3. The Tinting – I’m almost certain you know this, but use a light hand with the gel food coloring; a little goes a very long way. Certainly I’m all for experimenting, and messing around with color is so much fun to do, but you can always add color as you go. I actually added a drop or so extra to a few of these as I went because i could tell about halfway through the kneading that I wanted them darker. One drop at a time, people; it will serve you well.
4. The Kneading – Get out those eighties-style hand squeezies, everyone; you may want to tone up your muscles before you begin. Stretch it out, mentally prepare yourself, do whatever you have to do, but just know that you’re in this for the long haul. And it will yes, be a very long haul. It will feel like forever. Your hands may begin to go numb. But you want even color distribution, so persevere. You may feel the dough start to seize up on you and begin to dry out; this is what your water bowl is for. Add a few drops of water to your dough and you’ll notice it smoothes right out, and it also helps with color distribution. If you need to take a break, be sure to cover the dough you’re working on with plastic wrap. This is what your dough will look like about halfway through this process.
5. The Balls – Ahhhhh. You’re finished kneading! This is what they should look like when they’re ready to slice into mints: the colors should be evenly distributed with no streaks, your dough shouldn’t look dry (or look to sticky, for that matter), and should all be wrapped tightly in plastic. If you’re dreading the next step, don’t; the hard part is over, and now you just need to use your hands, a few drops of water, and a little common sense to get these rolled out into ropes.
6. The Rollout Prep – is downright enjoyable after the ball-rolling, believe me. Unwrap the dough ball you’d like to work with first, and make sure your countertop surface, your hands, and your knife are clean and dry. These mints will pick up anything and everything, and too much water will make the whole thing a sticky disaster.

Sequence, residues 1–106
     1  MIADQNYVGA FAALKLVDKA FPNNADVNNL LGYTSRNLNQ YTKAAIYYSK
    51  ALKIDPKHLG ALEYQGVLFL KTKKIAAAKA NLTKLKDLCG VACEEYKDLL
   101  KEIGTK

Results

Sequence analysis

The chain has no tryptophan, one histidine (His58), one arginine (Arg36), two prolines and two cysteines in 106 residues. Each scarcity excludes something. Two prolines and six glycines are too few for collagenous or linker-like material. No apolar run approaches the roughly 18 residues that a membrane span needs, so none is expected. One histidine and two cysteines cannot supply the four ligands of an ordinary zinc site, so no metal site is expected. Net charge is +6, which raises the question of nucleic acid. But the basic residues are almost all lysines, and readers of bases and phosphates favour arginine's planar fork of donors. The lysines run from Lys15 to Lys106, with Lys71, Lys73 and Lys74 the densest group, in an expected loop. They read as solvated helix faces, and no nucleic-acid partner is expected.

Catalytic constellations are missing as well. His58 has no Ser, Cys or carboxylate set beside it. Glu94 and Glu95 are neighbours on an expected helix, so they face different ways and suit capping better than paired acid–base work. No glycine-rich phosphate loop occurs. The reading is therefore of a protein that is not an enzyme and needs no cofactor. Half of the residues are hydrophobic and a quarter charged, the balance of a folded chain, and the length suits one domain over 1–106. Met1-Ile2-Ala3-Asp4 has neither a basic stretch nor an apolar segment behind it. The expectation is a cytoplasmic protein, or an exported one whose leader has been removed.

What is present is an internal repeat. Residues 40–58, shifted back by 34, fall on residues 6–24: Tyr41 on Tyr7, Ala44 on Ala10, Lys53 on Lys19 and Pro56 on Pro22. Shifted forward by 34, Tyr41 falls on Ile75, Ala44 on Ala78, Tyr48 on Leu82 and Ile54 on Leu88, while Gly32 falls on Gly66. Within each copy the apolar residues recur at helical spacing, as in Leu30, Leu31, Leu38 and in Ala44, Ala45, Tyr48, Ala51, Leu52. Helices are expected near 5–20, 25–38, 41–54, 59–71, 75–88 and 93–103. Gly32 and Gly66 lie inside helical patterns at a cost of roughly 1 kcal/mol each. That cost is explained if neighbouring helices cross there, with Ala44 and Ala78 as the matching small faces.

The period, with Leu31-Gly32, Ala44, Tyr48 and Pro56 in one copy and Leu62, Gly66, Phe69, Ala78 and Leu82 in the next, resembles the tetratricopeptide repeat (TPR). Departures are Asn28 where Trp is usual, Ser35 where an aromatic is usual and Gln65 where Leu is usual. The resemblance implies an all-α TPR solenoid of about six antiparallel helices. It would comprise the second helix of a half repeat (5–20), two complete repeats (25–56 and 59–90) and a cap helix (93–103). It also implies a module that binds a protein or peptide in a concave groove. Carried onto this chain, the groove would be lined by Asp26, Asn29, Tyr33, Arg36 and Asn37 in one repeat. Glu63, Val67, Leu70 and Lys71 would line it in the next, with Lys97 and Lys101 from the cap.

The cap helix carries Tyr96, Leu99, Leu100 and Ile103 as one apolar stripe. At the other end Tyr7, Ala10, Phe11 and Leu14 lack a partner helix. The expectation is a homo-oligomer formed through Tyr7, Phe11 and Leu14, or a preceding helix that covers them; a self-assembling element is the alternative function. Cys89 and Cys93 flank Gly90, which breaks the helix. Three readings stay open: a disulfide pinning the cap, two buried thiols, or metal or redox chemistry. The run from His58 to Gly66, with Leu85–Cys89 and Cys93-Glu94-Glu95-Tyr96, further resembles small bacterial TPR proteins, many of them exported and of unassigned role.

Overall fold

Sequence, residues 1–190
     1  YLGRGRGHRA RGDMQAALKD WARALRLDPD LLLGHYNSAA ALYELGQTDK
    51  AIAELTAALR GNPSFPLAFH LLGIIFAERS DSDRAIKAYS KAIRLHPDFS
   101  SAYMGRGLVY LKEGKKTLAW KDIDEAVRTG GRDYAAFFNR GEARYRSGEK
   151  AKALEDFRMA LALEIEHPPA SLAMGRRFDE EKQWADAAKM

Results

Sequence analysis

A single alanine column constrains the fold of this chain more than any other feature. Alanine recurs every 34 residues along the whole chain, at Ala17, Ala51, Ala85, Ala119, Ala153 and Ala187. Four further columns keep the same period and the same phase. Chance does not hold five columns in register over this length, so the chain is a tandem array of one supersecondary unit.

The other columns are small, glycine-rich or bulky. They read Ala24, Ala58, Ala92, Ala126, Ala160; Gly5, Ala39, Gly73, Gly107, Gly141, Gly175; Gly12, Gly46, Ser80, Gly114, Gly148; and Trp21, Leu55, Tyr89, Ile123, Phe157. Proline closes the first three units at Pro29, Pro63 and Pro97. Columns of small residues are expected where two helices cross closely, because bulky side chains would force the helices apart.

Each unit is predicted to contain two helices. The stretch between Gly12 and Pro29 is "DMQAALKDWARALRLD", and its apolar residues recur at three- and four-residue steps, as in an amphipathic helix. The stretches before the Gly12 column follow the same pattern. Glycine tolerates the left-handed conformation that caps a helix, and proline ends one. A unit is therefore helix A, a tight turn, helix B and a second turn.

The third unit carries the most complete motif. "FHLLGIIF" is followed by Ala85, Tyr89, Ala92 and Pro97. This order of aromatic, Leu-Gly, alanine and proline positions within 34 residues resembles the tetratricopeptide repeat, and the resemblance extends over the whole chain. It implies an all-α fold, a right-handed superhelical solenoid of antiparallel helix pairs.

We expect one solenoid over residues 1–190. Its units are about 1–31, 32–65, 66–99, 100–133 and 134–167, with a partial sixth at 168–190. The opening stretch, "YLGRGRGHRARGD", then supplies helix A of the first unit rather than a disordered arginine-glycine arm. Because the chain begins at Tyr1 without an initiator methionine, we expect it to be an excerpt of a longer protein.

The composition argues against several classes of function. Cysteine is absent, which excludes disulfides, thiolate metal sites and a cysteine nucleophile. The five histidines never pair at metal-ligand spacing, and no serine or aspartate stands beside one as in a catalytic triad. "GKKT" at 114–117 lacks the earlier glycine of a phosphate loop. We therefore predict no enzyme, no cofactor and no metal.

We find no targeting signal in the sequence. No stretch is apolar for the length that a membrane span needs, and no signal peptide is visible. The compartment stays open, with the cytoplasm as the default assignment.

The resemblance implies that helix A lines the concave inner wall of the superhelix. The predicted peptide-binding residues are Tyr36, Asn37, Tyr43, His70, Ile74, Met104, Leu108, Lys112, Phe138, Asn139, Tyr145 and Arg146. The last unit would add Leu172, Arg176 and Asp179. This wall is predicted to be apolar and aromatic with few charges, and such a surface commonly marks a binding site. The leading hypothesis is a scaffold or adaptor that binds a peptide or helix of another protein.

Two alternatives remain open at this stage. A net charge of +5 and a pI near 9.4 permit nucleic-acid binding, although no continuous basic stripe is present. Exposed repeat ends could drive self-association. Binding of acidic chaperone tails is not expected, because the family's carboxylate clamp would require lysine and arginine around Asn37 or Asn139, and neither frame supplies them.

7. The Ropes – Divide your ball into, truly, as many sections as you like. Since I had four sections of dough, I found it easiest to work with half of each dough ball at a time. Although the book says to dust the work surface with confectioners’ sugar, I was scared to do this; there seems to be a delicate balance between just right and too dry here, and confectioners’ sugar didn’t seem like the thing to do. Rather, I used a clean, dry, countertop and I had not one single problem with sticking.
Once you begin to roll out your ropes, you made notice your ropes start to fall apart or split, much in the way that pulled pork or chicken falls apart; this means your dough is too dry. Using your finger bowl of water, sprinkle a few drops into the dough and work between your hands until you feel it start to loosen up and smooth out. Place it back on the counter and try it again; it should roll out very much like a stiff pretzel or bread dough. If it shreds again, add a few more drops and repeat the process. If you add too much water, your dough will look slightly slimy. Fear not: all you need to do is continue to work your dough for a few minutes until your hands remove some of that pesky moisture naturally. Once your dough is smooth and not at all wet, try your rope again.
Remember, these are your buttermints, so you determine the size. I rolled my ropes out to be slightly less than 1 inch thick. If you want small ones, go for closer to 1/2 inch-thick ropes. For ease of use, you may then want to divide your dough ball into 3, if not 4, segments.
8. The Butterminting – easily the most fun part, mostly because it is so incredibly satisfying to see that all your labor is coming to an end. Using your knife, take your ropes and cut them straight down at even intervals. I chose to cut mine into approximately 1/2-inch pieces. As you can see from the photo, as you’re cutting, you may get little crumbles off the dough; this is fine and those are easily whisked or pinched away when you transfer them to their storage container. To minimize these, wipe your knife off every so often with a clean, dry towel to remove any remnants which may catch on your buttermints mid-slice. After slicing, you’ll have ropes that look like pastel millipedes. Fun, I know.
9. The Transfer – remember, these little mints are still in their soft stage, so take care in transferring them to their storage container. Using clean, dry fingers, pick each one up gently, being careful not to squeeze them too much (unless you’re trying to squeeze your ovals into circles, in which case, go for it. At this point, brush off any excess crumbles, or press them lightly into the mint. The best time to “finesse” these is during this transfer, so do what you have to do now, but don’t pester them once they’re resting.